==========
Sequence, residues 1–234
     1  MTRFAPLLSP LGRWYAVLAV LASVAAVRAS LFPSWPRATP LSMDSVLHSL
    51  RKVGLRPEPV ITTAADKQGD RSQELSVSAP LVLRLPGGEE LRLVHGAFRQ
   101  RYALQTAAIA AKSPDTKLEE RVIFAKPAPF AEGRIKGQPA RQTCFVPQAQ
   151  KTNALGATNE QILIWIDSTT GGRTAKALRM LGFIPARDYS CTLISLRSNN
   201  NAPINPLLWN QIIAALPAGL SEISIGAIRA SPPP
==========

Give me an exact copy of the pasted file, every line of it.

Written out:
Sequence, residues 1–234
     1  MTRFAPLLSP LGRWYAVLAV LASVAAVRAS LFPSWPRATP LSMDSVLHSL
    51  RKVGLRPEPV ITTAADKQGD RSQELSVSAP LVLRLPGGEE LRLVHGAFRQ
   101  RYALQTAAIA AKSPDTKLEE RVIFAKPAPF AEGRIKGQPA RQTCFVPQAQ
   151  KTNALGATNE QILIWIDSTT GGRTAKALRM LGFIPARDYS CTLISLRSNN
   201  NAPINPLLWN QIIAALPAGL SEISIGAIRA SPPP